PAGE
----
UFC Fight Night 46: Conor McGregor vs. Diego Brandao Review
I don’t remember much of UFC 93. I know I watched it on “downloaded replay” the following morning because my then-girlfriend and I drove to Los Angeles to visit a friend that weekend. So, you’ll have to excuse me if I’m mistaken, but I don’t remember that crowd being as straight-up insane as the crowd at the O2 last night.
Maybe that shouldn’t be surprising. UFC 93, for all intents and purposes, was a standard lower mid-level UFC event. Rich Franklin and Dan Henderson headlined. Mauricio “Shogun” Rua slogged through Mark Coleman in the co-main. The lone Irish fighter on the card, Tom Egan, lost to English fighter John Hathaway. And the UFC allowed Marcus Davis to live out all his fet-Irish fantasies in a split-decision win over Chris Lytle.
Contrast that to yesterday’s card. Conor McGregor, the country’s first and best chance at MMA starpower, headlined, selling out the arena in a matter of minutes or hours, and the UFC stocked the rest of the card with local fighters. Patrick Holohan set the table with an upset over Josh Sampo, and it continued through the rest of the card. Cathal Pendred recovered from nearly being finished to choke out Mike King. Neil Seery thoroughly outboxed and outfoxed Phil Harris. Norman Parke knocked down what was set up for him. And McGregor finished Brandao within the first round, then demanded “title shots and football stadiums.”
If the Irish fans travel as well as the Brazilians and if Conor McGregor can work his way to a title shot and if Jose Aldo holds on to the belt at 145 pounds, we might have a very special title fight atmosphere in the next year or two.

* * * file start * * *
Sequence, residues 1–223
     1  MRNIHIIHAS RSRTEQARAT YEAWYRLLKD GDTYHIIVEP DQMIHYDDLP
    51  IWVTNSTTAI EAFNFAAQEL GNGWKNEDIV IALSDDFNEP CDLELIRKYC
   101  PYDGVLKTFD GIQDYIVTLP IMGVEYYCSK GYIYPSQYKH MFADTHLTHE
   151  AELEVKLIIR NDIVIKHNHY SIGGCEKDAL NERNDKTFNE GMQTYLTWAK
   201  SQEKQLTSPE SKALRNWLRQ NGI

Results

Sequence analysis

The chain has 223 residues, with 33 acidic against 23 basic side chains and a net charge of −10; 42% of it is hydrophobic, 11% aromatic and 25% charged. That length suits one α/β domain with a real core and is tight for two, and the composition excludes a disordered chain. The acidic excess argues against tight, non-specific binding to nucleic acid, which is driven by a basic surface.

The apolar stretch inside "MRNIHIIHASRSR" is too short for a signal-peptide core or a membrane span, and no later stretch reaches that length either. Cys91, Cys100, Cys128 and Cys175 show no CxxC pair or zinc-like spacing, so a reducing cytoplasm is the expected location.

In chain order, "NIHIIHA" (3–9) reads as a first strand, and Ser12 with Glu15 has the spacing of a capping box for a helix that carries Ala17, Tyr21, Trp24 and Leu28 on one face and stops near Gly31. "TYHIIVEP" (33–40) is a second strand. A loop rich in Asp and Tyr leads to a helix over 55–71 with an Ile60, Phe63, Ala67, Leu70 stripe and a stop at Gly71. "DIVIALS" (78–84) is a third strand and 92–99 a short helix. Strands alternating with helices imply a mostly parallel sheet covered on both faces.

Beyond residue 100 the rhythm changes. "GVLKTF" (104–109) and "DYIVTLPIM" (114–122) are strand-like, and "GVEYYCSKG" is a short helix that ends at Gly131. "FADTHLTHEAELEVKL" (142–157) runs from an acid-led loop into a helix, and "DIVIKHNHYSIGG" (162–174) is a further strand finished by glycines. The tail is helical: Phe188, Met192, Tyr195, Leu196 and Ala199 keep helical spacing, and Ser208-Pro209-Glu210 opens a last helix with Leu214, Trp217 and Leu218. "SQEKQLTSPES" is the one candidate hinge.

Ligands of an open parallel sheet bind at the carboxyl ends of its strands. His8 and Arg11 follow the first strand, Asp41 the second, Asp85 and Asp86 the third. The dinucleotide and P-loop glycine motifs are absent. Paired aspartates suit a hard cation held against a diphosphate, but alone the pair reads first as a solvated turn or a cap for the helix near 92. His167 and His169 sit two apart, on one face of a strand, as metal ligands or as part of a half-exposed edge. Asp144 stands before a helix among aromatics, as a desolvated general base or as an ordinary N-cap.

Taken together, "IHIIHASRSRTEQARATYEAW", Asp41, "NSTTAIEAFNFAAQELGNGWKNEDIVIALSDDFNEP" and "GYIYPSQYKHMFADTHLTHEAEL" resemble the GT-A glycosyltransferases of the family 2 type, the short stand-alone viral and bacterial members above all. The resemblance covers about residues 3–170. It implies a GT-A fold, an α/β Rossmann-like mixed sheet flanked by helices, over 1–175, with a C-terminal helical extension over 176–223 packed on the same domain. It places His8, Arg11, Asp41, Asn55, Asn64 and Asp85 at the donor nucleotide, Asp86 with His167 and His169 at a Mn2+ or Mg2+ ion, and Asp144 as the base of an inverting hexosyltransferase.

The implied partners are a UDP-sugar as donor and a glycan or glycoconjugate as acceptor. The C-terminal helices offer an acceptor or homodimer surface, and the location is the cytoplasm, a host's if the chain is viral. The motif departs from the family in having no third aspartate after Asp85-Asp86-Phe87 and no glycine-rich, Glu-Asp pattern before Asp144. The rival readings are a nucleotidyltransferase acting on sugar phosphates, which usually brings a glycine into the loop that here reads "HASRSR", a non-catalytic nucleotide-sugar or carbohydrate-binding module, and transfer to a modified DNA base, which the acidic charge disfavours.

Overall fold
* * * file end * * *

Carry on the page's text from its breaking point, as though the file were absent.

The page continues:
OH MY GODDDDDD, WHY WAS IT ON FIGHT PAAAAASSSS?
After the event, Dana White told the media McGregor’s would likely fight next in Las Vegas, which we can presume would take place on pay-per-view. The squareheads came out in full force on Twitter. Their two major complaints:
1. McGregor shouldn’t have been fighting on Fight Pass.
2. The UFC should put McGregor on Fox before pay-per-view.
McGregor was in a perfect position to headline a Fight Pass event. The UFC put a lot of muscle behind him when they put him on the main card of the inaugural Fox Sports 1 card in Boston, but McGregor tore his ACL, taking a lot of steam out of his sails. So, they build a “comeback” fight for him in his home country, where it appears he’s a genuine star. They sell out the building, quickly. Fox Sports 1 isn’t likely wanting to air an event at 3 p.m., and the UFC is probably out of the afternoon PPV game for good, so you throw it on Fight Pass. Does it have the same reach as any of their other outlets? No. But it builds great momentum for McGregor with hardcores and media, which will trickle down Reagan style between now and his next fight.
Putting him on Fox is a great idea. McGregor’s got the look and the charisma and the exciting style to make a great impression on a grand scale. But he can get that same exposure as a supporting fight on a pay-per-view, especially if the UFC lines him up to fight on the year-end show that will likely include Chris Weidman and/or Ronda Rousey (perhaps in the great business sham fight against Gina “Guns” Carano).
-Twitter recycled all the usual jokes about Mousasi’s sleepy demeanor for Gunnar Nelson yesterday. Here’s the formula, if you’re playing at home:
[Mousasi | Nelson] is so [sleepy | emotionless] he [some hacky punchline, usually invokving a pop culture reference].
-Ian McCall, not Irish, took a decision over Brad Pickett, also not Irish. The UFC announced Demetrious Johnson would defend his title against Chris Cariaso in the co-main event of UFC 177, so McCall’s gonna have to wait on a title shot, despite having a much better resume than the former. He’ll probably end up fighting the man he called out in the post-fight interview, John Lineker.
-The pacing for this event was phenomenal. The prelims ended twenty minutes ahead of the start of the main card, but it felt like a natural intermission without 10-15 additional minutes of prep and intro work at the start of the main card broadcast.
Mike Fagan is a weekly contributor to MMA Owl. He also hosts Untethered MMA every Thursday at 7 p.m. ET. Follow him on Twitter.